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Sweet's syndrome in a patient with compound heterozygous mutations in the Mediterranean fever gene (MEFV)
© Michelson et al. 2015
Published: 28 September 2015
Sweet's syndrome (SS) or acute febrile neutrophilic dermatosis is a rare disorder that often occurs in association with other systemic diseases.
The disorder is characterized by development of nonpruritic, painful erythematous plaques with pseudovesicles, occasional pustules and rare bullae. SS consists of a triad of erythematous plaques infiltrated by neutrophils in association with fever and leukocytosis. The pathological features of SS involve the dermis.
The condition presents in three clinical settings: classic (or idiopathic) SS, malignancy-associated SS and drug-induced SS syndrome.
The treatment of choice for SS are systemic corticosteroids, although colchicine and potassium iodide are also considered to be effective for SS.
We present an unusual recurrent course of SS in a 38 year old man who carries compound heterogous mutations in the MEFV gene.
A 38 year old, generally healthy man from Sephardic Jewish ancestry, had suddenly developed fever, malaise, artralgia and painful erythematous plaques with pustules and bullae on the anterior aspects of the upper extremities. Diagnostic evaluation included moderate leucocytosis, elevated erythrocyte sedimentation and C-reactive protein rate and normal liver functions. antistreptolysin O-titer. Blood cultures and tuberculosis test were negative. Chest radiography was normal.
The symptoms exacerbated despite treatment with systemic corticosterids.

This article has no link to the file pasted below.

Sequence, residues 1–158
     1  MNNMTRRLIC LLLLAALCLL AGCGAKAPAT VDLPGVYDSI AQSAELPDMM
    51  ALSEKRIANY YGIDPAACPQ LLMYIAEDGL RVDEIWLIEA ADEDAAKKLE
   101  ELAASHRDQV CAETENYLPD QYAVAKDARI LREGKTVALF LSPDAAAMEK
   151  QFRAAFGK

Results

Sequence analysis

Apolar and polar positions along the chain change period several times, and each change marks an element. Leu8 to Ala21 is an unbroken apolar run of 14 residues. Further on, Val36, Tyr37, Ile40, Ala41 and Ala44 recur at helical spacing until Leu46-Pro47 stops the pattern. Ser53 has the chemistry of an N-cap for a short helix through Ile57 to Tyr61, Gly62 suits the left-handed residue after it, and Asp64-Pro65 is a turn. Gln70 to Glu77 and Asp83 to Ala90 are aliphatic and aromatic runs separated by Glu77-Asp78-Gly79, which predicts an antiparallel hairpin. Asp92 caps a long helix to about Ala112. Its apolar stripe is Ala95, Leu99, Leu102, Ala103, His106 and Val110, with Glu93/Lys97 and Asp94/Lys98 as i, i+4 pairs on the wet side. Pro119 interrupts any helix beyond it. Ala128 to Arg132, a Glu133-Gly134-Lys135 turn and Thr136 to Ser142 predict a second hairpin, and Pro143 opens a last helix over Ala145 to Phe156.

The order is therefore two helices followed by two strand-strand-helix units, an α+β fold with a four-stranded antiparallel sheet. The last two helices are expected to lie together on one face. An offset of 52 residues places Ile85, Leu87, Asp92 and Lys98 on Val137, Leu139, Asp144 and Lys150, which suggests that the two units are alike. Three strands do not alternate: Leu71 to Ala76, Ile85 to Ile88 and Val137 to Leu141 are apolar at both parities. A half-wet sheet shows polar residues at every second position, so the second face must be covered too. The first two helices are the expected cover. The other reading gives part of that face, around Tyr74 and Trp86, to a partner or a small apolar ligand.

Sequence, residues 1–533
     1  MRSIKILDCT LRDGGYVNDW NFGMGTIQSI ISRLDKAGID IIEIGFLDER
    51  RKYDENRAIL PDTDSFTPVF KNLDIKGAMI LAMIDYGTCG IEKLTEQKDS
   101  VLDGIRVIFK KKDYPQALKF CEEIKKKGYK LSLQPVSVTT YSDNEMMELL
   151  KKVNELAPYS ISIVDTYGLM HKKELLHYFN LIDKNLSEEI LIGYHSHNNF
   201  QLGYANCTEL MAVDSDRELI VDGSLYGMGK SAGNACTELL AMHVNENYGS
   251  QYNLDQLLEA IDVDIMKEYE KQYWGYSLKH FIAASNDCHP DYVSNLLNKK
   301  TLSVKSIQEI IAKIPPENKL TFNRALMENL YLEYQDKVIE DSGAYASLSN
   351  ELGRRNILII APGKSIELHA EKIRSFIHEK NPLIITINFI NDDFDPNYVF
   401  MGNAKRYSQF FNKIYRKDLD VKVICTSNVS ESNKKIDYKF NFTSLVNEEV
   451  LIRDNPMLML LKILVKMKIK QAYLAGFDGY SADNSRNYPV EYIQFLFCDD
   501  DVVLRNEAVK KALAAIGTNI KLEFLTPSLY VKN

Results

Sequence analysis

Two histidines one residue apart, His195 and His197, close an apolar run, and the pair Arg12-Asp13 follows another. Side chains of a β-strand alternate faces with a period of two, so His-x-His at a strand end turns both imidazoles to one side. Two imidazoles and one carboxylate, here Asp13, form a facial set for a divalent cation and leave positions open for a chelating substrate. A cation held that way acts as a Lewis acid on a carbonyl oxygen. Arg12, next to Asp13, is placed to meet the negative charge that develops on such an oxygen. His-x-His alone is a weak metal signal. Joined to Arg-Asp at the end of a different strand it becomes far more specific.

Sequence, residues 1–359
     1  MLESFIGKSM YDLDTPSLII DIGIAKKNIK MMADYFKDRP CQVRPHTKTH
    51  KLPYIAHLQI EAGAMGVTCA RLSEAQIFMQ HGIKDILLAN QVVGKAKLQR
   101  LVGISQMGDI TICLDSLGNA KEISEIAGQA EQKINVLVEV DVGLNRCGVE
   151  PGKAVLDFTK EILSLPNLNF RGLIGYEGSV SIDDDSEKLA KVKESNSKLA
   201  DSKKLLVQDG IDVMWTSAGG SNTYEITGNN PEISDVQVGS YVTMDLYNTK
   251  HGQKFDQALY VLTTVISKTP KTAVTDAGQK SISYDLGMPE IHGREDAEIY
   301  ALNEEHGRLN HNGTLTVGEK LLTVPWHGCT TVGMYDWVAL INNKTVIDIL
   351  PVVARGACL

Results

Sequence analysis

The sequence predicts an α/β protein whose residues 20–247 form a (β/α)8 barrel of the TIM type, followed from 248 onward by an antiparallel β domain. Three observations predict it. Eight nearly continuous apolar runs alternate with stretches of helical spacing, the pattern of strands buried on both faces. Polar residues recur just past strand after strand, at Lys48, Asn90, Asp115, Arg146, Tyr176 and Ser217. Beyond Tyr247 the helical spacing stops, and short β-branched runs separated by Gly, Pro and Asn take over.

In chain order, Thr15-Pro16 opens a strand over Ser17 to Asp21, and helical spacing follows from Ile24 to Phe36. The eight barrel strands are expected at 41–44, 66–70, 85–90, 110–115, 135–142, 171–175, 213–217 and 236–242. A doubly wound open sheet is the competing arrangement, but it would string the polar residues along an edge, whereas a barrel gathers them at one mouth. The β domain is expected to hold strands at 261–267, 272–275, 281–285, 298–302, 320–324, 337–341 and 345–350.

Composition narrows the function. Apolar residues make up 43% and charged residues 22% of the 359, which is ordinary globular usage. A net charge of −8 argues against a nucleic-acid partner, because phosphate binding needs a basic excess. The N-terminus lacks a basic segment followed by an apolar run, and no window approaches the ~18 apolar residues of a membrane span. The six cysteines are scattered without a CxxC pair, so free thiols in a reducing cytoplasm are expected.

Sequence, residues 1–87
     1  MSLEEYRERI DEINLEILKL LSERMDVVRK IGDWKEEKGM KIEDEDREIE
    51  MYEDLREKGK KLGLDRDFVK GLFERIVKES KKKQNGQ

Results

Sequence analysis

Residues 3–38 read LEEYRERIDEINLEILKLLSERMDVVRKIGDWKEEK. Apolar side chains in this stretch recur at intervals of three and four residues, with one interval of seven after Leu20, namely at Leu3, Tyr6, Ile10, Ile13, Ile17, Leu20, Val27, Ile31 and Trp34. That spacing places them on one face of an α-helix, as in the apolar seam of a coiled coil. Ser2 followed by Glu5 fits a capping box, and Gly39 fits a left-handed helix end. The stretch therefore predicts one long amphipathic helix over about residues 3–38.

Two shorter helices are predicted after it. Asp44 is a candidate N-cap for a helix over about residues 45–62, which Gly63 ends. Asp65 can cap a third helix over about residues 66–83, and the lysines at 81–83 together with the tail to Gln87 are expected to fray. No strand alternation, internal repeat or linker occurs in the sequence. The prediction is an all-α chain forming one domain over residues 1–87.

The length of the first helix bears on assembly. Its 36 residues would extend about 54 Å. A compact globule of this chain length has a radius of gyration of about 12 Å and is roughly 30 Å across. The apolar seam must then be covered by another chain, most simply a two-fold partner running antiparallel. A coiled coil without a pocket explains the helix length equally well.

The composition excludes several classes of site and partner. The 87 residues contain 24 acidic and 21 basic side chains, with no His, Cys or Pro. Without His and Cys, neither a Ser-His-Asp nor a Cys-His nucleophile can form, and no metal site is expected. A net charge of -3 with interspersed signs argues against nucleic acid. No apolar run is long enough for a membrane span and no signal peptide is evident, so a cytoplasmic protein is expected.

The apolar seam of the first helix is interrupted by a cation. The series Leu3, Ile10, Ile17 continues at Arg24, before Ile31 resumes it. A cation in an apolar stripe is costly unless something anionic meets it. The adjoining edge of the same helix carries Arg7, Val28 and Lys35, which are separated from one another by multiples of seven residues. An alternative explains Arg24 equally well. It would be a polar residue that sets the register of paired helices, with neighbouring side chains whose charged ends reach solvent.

Clinical improvement appeared after administration of colchicine.
Mutational analysis of the MEFV gene revealed compound heterozygous M694V and V726A mutations.
Familial Mediterranean fever (FMF) is an autosomal recessive disease characterized by recurrent attacks of fever with serosal inflammation. The FMF gene (MEFV) encodes the protein pyrin that plays an important role in modulating the innate immune response.
MEFV mutations have been identified primarily in patients from Mediterranean populations and in Israel the carrier state is as high as1: 5.
Sweet's syndrome has been described in a patient with classical FMF as a possible new cutaneous feature and has never been described as a presenting sign of FMF.
Although various skin lesions have been described with FMF, erysipelas-like erythema (ELE) has been reported the only pathognomonic cutaneous manifestation.
Our patient, carrying compound heterozygous mutations in MEFV presented with Sweet's syndrome.
We suggest, that SS skin lesions might be an only cutaneous presentation of FMF.
Written informated consent for publication of their clinical details was obtained from the patient/parent/guardian/relative of the patient.
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